Juan Trippe, PAN AM’s bold leader, their own personal Tony Benn, re-defined air travel and thus traveling on a whole. Where the rest of the world was still caught up in the thought that flying had a future with only the rich and at supersonic speeds, he realized that in actuality, it would find most success through cheaper mass transport. In many ways, his push for the Jumbo jet was the nail in the coffin for Benn’s Concorde. But because of this, most of us have been able to dot the globe with visits, and many have become rather sagacious travelers.
As that’s the case, we’ve seen cities from nearly every possible view, and the big ones also from the views of others; from planes, from tall buildings, from walking the streets and alleys, day and night with locals. So, we’re all sort of jaded. But what you’ll see here will likely surprise you. It’s a whole new way to see and travel a city.
Rob Whitworth is an accomplished filmmaker from the UK, though his work seems to make a nomad of him. From his home in the UK, to Europe, to China and North Korea, Rob gets around and makes him one of the sagacious travelers spoken of. His work speaks of his travels and one of his latest pieces will spark the wanderlust in you. Sponsored by the Catalan Tourist Board, ‘Barcelona GO! ’ he describes as a “fast moving short film,” in ‘flow-motion,’ but what I think it is, is witchcraft.
Calling this any manner of time-lapse really doesn’t do it justice because it’s so much more. There are transitions that are as miraculous as they are seamless, and each photo appears to be executed incredibly well. It will leave the technical side of you flooded with ‘how’d he do that?’ questions and the emotional side won’t care enough to pull away from just enjoying it.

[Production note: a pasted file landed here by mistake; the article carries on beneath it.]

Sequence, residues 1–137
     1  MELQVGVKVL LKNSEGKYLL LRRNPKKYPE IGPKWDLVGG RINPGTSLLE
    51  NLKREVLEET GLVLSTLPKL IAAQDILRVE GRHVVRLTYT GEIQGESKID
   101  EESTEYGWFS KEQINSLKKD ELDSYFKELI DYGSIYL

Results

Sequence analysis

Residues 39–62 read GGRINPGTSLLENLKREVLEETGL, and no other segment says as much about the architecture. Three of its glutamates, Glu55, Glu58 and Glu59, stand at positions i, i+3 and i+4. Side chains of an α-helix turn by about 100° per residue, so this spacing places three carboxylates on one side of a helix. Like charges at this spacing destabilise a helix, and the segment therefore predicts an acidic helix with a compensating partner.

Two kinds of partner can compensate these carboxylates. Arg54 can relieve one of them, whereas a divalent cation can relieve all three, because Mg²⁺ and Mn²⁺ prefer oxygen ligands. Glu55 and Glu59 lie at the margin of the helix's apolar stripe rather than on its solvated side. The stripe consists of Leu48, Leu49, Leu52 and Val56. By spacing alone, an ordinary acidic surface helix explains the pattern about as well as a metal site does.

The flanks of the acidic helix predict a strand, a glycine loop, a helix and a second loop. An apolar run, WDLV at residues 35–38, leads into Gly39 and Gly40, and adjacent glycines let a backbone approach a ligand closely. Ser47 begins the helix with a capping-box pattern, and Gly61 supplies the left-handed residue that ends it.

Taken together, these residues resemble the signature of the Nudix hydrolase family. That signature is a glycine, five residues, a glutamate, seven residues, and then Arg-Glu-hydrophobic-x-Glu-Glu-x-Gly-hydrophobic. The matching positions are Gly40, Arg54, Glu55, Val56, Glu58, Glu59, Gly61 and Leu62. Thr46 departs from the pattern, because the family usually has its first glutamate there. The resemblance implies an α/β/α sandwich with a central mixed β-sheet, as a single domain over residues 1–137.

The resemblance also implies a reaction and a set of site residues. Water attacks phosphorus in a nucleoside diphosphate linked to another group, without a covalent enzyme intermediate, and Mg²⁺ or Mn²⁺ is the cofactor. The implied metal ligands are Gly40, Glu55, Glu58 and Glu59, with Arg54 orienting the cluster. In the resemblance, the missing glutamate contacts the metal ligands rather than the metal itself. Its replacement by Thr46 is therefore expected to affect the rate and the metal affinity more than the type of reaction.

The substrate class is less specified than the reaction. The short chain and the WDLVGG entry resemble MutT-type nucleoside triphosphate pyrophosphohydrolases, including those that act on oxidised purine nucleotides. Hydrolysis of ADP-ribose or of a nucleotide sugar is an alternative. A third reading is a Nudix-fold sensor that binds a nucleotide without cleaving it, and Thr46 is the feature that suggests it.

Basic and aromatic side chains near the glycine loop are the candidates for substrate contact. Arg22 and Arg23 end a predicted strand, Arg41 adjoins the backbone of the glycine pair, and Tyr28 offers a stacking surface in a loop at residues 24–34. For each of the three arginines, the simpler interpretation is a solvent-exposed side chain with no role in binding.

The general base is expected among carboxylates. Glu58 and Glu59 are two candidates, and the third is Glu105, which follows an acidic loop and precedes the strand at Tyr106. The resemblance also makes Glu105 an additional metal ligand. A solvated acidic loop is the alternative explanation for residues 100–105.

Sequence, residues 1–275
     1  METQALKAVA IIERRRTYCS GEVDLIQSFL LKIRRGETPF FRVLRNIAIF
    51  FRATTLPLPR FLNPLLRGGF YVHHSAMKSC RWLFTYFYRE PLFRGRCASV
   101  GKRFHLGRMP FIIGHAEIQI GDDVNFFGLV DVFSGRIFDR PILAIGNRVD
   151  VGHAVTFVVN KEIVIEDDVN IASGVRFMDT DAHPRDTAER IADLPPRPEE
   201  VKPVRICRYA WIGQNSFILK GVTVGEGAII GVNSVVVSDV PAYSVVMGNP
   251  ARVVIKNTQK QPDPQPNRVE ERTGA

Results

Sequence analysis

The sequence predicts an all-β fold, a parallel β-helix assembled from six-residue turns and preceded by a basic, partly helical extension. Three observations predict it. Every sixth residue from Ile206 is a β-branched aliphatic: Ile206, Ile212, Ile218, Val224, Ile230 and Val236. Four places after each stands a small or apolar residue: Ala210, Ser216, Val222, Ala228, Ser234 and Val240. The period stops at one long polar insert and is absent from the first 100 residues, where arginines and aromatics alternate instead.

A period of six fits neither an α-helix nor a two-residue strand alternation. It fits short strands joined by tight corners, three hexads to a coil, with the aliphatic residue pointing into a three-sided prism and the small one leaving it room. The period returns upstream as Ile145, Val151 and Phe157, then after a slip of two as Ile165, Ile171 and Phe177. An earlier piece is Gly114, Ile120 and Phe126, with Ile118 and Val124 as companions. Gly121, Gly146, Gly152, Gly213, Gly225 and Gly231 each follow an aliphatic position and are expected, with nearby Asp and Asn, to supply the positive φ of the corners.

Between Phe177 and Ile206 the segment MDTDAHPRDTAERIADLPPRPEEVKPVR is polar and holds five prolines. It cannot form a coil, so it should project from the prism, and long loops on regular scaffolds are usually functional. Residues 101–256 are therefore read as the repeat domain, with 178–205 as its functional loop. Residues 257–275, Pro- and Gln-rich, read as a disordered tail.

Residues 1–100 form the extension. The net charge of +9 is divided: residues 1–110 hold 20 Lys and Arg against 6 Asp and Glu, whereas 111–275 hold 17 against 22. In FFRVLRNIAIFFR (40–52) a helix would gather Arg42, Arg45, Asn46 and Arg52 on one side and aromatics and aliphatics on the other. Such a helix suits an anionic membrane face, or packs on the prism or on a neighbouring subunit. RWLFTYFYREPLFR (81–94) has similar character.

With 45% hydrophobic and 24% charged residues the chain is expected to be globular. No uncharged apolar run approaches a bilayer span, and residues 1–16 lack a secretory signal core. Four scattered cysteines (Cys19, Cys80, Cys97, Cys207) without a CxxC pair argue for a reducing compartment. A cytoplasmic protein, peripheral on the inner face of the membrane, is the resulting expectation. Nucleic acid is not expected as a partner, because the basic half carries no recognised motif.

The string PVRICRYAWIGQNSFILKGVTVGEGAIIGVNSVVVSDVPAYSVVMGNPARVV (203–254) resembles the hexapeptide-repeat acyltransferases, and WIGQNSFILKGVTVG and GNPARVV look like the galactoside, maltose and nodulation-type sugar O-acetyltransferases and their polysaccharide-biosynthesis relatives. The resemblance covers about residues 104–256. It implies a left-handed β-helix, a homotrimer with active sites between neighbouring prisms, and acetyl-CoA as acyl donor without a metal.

What’s more is the Herculean effort that was required to put something like this together, and the effort is outlined on the video’s Vimeo page. Taking a total of 363 hours broken into 75 hours for logistics and travel, 31 for scouting and location finding, 78 hours shooting, and 179 hours post production, this wasn’t a weekend shoot. Those numbers are mind boggling, but understandable when you see the film.. His gear list was also extensive:
Nikon 10.5mm f/2.8 ED AF DX Fisheye
Nikon 10-24mm f/3.5-4.5G ED AF-S DX
Nikon 16-35 f/4G AF-S VR Zoom
Nikon 28mm AF f/2.8D
Nikon 50mm f/1.4G AF-S
Nikon 70-200mm f/2.8G ED AF-S VR II
What it seems Rob has actually done, is truly created a whole new way to see a city, and I want to see more cities done just the same. I just couldn’t stop speaking about and sharing this video with friends. Gone are the typical perspective shifts in regular time-lapses, and along with it the perspective on the genre as a whole. This sets a new precedent. It was so novel, it occupied a spot in my mind and was on the tip of my tongue for a while.
The artistic perspective taken by Whitworth makes me keen to see his other works. He has been working on the upcoming series for the BBC called ‘One Planet’ which I hope reflects his unique views. I’ll be keeping up with it. You can keep up with Rob via twitter, Facebook, and his site.